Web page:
Movement Time in America
The Covid 19 global pandemic that has infiltrated every aspect of our daily lives, has also brought further into the light, for all to see, the gross inequalities of our nation. The profound racial and class disparities of deaths from Covid have been laid bare. Natural disasters and pandemics are unbiased in the destruction they can reap on the human body — all can die from sickness, rich and old, wealthy and poor, all races and nationalities and religions. But the lack of access to healthcare, pre-existing health conditions that correlate to race and class such as asthma, diabetes and high blood pressure, lack of healthy food, cramped and substandard housing that does not allow for the proscribed social distancing — all add to the tsunami of Covid. Privilege aligns itself with race and class. It adheres to some and evaporates from the bodies of others. The results are deadly. Power — politically and economically — serves to protect in a time of crisis. Those without access to such power are exposed to deal with and suffer from the crisis in deeply unequal ways.
I am the co-founder and Executive Director of The Brotherhood/Sister Sol, (Bro/Sis) this year celebrating our 25th year of existence. We are a social justice youth development organization providing deep and multi-faceted services and political education. We train educators across the nation on our model and work to change the conditions our young people are forced to endure — from educational disparities to economic poverty to an unequally applied justice system.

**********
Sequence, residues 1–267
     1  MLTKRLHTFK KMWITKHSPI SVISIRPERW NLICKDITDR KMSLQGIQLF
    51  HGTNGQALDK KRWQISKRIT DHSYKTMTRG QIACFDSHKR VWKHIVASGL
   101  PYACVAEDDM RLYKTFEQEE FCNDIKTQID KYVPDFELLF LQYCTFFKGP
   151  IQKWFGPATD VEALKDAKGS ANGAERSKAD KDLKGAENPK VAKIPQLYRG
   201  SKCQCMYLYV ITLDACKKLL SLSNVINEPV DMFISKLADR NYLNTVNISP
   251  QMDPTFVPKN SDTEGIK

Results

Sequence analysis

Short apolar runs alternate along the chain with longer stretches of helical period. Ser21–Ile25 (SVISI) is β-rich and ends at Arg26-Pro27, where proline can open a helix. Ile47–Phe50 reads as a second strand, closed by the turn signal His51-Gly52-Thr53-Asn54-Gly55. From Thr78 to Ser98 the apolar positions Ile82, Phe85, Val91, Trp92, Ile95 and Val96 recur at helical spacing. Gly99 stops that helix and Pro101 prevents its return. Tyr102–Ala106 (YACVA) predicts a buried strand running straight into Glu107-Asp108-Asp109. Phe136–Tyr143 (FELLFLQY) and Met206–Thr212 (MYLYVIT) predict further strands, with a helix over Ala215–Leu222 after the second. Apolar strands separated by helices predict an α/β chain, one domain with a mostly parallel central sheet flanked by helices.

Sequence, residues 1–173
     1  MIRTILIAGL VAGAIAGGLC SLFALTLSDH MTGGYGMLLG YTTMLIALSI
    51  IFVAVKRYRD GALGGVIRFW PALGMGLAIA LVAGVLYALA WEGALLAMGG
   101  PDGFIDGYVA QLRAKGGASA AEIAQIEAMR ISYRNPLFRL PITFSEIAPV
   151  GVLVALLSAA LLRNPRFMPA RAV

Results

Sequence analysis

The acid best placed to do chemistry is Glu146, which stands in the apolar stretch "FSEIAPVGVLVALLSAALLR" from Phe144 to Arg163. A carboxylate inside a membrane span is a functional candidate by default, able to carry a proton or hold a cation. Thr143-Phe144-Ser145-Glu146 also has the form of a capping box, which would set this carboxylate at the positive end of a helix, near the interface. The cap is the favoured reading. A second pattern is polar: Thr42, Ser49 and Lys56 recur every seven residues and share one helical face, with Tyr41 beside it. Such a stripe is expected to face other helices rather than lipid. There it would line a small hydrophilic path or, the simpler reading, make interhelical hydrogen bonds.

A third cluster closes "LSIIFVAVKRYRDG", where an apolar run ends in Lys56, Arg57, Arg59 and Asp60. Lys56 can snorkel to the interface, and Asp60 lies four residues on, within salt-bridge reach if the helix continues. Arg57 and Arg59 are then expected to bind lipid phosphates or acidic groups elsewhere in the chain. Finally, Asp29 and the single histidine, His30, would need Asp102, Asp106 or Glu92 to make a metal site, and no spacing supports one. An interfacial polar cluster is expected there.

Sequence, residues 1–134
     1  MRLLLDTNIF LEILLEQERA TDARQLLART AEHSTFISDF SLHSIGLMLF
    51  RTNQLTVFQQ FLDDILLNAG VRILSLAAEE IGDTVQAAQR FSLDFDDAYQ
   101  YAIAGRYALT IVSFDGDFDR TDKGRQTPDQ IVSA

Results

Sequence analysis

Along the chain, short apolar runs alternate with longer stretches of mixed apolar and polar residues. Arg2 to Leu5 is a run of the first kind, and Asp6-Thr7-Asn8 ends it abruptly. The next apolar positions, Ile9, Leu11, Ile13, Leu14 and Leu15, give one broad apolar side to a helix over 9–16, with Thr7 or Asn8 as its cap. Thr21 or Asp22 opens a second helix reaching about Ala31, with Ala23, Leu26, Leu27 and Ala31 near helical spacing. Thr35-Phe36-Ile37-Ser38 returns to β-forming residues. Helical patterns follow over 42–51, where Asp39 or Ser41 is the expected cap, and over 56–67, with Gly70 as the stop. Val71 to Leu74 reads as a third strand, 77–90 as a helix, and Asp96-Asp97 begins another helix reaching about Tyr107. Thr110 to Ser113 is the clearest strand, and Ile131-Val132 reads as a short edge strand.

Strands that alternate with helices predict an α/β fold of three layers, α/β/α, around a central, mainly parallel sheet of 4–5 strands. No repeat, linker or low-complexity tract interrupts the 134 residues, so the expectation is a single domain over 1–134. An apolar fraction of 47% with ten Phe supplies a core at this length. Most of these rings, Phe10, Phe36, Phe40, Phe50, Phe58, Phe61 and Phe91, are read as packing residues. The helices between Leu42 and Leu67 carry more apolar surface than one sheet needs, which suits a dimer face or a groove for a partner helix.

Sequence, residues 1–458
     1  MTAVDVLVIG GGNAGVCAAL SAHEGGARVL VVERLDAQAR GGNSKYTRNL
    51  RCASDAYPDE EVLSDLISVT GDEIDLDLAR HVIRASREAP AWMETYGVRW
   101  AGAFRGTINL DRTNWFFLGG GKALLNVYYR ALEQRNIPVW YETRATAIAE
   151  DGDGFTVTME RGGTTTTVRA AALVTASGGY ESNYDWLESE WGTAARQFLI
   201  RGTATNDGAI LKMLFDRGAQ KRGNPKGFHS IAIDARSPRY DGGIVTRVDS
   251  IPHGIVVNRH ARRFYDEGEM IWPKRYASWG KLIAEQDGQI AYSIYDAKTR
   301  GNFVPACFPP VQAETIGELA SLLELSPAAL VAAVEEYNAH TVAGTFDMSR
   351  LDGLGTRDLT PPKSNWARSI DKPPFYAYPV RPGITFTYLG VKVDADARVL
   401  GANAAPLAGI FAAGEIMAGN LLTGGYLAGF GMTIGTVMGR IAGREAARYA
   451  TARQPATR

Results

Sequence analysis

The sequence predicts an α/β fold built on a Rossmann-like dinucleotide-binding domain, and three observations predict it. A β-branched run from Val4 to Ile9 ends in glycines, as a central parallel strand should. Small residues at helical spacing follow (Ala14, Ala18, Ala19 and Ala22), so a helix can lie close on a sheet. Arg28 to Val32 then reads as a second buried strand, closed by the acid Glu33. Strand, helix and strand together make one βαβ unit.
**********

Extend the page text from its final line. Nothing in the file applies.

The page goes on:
During this crisis Bro/Sis has had to deepen and expand our work. Due to economic poverty some of our youth have lost crucial part time jobs that previously paid for their phones and Wi-Fi, basic bills and food — and so we have provided emergency financial support to them. Others who have been asked to learn from home don’t even have computers or internet access. While New York City and Mayor de Blasio announced that the Department of Education would provide computers for the over 300,000 students deemed in need, after 6 weeks of expected remote learning, 200,000 had not yet received them. Thus children were asked to learn but could not access their virtual class rooms. In response, we have given laptops and hotspots to all of our young people in need. Overwhelmingly, the first to lose jobs in this crisis have been low wage workers — part time employees, support staff, retail and others who provide services. These are the kinds of jobs the parents of our young people hold. Or held. Their parents have lost their jobs, and bills cannot be paid, and food is scarce. In response we have provided, thus far, over 15,000 meals for our young people and their families.